The immunodeficiency disease: (CVID) severely compromises a person's ability to produce immunoglobulin (Ig) G antibodies (IgG), making them extremely vulnerable to infectious diseases. Early detection of CVID in this population can save lives.

Surface Plasmon Resonance (SPR) was able to detect differences in antibody characterization between CVID patients and a group of healthy control subjects. More conventional methods, such as micro-typing, did not. SPR's sensitivity, reproducibility and label-free technology gives clinicians a chance for early detection of diseases such as CVID; thus significantly improving clinical outcomes.

CVID is a heterogeneous illness summarized by deficiencies in antibody production. Patients with CVID have reduced serum levels of IgG, IgA and IgM and lack the ability to form new, high affinity antibodies to new antigens upon exposure to vaccination or infection. CVID patients also lack the ability of affinity maturation, meaning the antibodies they do produce also have low affinity compared to healthy antibody responses. Patients with untreated CVID can develop severe infections, autoimmune diseases and cancer. Therefore, early detection and initiation of a therapeutic plan is essential for long-term health. SPR's ability to quickly detect antibody levels as well as affinity binding of the antibodies makes it an ideal diagnostic tool.

Current diagnosis criteria include a history of repeated infections even after vaccination. Gene sequencing, radial immunodiffusion assay and T/B cell functional assays are among the tests administered. Due to the heterogeneity of the disease, with over 13 variations depending on particular gene mutations or immune phenotype presentation, current testing is laborious, costly and often requires weeks for test results to get back to patients.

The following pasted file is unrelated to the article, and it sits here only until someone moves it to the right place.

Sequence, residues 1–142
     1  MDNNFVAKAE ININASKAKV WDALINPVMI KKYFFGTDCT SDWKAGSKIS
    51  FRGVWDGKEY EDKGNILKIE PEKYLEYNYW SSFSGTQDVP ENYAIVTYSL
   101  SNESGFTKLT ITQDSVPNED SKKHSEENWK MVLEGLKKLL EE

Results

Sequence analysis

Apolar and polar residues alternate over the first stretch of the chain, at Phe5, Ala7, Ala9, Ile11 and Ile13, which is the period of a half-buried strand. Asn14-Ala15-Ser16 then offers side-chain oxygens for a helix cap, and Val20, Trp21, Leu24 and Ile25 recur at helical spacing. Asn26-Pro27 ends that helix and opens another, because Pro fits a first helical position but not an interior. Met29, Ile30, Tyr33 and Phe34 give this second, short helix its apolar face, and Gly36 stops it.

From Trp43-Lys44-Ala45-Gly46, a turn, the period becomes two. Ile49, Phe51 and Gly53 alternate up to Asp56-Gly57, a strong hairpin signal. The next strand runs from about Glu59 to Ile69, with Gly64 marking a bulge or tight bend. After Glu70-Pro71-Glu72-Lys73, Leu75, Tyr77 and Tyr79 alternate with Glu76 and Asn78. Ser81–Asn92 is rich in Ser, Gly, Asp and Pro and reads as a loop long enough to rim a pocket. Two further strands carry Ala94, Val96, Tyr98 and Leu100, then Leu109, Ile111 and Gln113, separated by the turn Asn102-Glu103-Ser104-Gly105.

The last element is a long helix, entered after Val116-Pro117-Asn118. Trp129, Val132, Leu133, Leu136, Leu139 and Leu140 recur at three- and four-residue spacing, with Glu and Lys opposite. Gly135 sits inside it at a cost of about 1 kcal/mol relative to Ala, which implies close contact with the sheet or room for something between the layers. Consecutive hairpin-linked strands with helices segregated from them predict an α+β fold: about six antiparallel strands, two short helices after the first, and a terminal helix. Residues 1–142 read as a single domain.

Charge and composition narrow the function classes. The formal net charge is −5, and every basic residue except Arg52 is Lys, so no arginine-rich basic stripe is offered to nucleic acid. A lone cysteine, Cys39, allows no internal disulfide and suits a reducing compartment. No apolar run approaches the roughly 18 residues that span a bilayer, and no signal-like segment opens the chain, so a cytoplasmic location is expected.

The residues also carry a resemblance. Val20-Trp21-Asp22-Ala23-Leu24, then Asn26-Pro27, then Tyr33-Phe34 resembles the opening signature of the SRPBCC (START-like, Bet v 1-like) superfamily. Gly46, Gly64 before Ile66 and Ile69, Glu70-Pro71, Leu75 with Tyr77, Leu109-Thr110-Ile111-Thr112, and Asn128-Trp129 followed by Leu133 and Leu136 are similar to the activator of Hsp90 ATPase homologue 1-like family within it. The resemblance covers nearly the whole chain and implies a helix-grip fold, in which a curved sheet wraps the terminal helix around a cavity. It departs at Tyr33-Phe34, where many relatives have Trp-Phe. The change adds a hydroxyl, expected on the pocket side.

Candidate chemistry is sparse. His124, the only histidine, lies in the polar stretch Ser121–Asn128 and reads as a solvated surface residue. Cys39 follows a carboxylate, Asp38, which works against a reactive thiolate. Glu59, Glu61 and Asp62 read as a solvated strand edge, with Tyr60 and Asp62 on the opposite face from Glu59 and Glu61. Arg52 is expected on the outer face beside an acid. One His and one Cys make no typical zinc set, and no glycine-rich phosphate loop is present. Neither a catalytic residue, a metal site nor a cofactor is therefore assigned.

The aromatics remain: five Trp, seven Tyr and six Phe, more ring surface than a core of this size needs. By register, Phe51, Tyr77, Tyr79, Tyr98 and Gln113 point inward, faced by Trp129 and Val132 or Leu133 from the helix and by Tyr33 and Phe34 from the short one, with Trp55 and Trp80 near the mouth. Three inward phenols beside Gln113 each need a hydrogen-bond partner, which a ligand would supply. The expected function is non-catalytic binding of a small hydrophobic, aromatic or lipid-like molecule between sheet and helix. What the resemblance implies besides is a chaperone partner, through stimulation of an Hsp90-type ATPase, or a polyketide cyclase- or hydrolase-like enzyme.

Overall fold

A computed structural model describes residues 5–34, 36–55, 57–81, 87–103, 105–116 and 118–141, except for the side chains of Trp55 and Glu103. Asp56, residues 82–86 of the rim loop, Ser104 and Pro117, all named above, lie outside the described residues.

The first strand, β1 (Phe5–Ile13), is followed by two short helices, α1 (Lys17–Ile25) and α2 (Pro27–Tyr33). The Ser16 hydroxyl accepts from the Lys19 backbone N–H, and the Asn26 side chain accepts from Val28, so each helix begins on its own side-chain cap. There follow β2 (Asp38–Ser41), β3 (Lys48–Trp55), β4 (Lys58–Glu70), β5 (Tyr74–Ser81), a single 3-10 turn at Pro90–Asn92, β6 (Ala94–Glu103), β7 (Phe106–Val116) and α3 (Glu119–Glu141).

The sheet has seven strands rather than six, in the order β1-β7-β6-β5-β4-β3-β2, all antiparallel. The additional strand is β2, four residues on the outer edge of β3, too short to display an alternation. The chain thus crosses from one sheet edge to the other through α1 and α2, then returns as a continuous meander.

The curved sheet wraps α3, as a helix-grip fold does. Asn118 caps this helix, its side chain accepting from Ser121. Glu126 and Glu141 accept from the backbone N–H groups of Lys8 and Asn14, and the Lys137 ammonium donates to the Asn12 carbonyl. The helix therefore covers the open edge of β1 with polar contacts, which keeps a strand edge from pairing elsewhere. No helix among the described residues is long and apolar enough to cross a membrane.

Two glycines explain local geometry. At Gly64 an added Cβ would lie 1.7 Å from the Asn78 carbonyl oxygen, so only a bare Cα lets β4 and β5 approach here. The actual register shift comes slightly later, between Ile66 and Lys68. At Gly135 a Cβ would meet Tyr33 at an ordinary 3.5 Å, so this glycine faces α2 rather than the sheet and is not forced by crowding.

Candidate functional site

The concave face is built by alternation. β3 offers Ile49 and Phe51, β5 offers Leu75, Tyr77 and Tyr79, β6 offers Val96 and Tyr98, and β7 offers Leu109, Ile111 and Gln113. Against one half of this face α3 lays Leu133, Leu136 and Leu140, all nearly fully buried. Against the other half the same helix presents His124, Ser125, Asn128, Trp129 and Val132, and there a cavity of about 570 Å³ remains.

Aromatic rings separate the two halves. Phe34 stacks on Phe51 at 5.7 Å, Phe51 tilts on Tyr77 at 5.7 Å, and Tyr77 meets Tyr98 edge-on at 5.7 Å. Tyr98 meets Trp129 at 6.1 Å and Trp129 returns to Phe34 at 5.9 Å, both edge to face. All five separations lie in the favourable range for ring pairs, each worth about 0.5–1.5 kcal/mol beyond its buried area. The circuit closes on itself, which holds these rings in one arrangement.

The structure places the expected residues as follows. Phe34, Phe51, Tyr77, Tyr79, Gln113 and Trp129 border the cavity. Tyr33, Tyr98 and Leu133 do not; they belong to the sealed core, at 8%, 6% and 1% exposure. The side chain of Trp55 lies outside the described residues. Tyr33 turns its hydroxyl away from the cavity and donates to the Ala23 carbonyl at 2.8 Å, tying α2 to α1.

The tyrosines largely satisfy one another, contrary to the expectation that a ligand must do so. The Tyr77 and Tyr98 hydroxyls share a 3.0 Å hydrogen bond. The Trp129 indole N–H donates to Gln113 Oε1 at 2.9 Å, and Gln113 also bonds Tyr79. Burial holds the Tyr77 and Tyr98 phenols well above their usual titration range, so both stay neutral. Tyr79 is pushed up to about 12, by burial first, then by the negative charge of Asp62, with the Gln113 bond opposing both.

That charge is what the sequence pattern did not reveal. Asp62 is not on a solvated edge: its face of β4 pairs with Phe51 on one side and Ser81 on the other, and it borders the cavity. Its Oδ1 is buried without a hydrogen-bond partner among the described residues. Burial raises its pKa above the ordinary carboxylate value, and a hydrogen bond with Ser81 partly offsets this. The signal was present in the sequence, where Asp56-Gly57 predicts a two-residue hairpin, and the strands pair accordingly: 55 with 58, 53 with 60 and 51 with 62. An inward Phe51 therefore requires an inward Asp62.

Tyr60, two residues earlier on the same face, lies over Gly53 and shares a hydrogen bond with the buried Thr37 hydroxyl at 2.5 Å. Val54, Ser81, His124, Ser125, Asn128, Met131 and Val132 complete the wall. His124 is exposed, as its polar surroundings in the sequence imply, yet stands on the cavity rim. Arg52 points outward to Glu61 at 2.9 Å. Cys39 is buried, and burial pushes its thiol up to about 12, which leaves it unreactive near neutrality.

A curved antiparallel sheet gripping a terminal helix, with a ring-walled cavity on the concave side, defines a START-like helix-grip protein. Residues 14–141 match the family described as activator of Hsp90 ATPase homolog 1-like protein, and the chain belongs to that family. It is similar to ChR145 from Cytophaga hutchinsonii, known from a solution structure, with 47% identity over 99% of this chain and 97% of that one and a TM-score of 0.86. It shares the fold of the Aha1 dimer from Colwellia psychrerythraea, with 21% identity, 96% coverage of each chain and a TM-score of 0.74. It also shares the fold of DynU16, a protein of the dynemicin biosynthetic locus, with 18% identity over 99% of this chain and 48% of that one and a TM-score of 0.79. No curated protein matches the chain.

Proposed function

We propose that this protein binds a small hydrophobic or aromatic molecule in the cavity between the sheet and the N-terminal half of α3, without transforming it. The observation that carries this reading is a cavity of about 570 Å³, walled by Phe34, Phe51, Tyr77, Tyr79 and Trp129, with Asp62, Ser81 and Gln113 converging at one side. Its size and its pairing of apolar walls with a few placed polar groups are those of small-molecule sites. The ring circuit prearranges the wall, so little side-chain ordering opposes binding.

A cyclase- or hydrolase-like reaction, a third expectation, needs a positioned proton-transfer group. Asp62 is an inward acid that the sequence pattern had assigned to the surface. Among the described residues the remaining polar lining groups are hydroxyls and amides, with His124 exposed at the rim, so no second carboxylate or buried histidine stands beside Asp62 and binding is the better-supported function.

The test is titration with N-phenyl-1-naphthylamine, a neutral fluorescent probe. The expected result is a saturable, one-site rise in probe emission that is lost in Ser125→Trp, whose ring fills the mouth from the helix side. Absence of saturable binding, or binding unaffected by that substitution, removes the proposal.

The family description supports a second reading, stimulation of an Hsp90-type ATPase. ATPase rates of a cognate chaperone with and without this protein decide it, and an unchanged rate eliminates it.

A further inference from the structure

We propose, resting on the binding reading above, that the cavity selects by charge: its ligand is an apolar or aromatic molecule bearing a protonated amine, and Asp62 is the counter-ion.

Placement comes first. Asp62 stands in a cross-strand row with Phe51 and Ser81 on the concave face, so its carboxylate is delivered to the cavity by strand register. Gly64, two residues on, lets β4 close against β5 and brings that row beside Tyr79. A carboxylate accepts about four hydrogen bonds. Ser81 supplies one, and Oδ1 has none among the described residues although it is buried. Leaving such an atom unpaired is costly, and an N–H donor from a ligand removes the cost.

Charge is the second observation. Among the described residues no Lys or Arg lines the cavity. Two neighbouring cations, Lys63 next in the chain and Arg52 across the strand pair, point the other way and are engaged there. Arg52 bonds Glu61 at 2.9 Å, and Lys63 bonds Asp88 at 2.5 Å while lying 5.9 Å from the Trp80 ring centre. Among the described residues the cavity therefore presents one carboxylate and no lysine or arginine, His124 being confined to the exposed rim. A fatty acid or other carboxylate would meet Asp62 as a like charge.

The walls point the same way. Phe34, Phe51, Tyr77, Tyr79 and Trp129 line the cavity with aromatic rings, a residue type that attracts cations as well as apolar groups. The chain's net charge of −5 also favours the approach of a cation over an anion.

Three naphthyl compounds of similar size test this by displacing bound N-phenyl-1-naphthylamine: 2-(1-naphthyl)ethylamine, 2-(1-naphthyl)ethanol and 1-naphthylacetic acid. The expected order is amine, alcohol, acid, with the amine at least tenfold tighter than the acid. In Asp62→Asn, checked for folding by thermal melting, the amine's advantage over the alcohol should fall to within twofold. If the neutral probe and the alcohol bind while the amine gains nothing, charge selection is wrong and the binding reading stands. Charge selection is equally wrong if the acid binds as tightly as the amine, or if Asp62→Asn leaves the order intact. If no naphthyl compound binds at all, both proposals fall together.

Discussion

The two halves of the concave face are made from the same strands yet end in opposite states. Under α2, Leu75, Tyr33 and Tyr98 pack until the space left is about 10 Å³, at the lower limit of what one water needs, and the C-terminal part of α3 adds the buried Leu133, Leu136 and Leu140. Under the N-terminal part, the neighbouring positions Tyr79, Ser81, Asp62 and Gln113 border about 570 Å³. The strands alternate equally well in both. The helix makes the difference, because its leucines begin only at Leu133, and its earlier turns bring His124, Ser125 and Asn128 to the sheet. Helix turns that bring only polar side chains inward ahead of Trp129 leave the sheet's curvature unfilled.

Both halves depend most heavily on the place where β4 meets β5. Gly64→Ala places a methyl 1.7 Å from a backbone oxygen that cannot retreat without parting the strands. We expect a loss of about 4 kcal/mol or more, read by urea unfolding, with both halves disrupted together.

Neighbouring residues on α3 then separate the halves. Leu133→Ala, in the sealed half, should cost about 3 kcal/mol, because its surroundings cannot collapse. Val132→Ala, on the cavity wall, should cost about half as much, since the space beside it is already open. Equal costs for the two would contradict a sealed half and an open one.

Scientists using SPR technology are able to accurately and quickly analyze CVID patient serum antibodies for affinity abnormalities against immobilized synthetic blood group antigens A and B trisaccharides. This test can quickly determine whether the patient has abnormalities in their antibody production and can allow the immediate initiation of immunoglobulin replacement therapy before more severe disease sets in. Ideally, once the patient is stabilized, further testing can be done using gene sequencing to determine the exact nature of their particular CVID presentation; which can include - but is not limited to - a mutation in theTNFRSF13B orTACI genes, or IL-21 deficiency.

SPR technology gives clinicians and researchers several advantages over other testing methodologies. SPR testing can be conducted onsite, which expedites results to anxious patients. SPR is label-free, so this significantly reduces costs for additional reagents. It also reduces patient discomfort because a smaller sample size is required.

SPR can be included in the core pathology facility run by the hospital/clinic administration. Further economies can be realized by sharing equipment with different departments. Both patients and clinicians will appreciate the high sensitivity and reproducability of SPR technology.

The clinical application of SPR to detect defects in antibody formation is an important development in the quick and accurate diagnosis of CVID. SPR analysis can help diagnose specific antibody deficiencies in cases of CVID, which is a complex, heterogeneous immunodeficiency.

The developing immune system of young children makes them particularly susceptible to severe infection. As an immunosuppressive, a diagnosis of CVID contraindicates immunization. SPR’s ability to facilitate early diagnosis will help prevent future infections and, possibly, the development of autoimmune disease.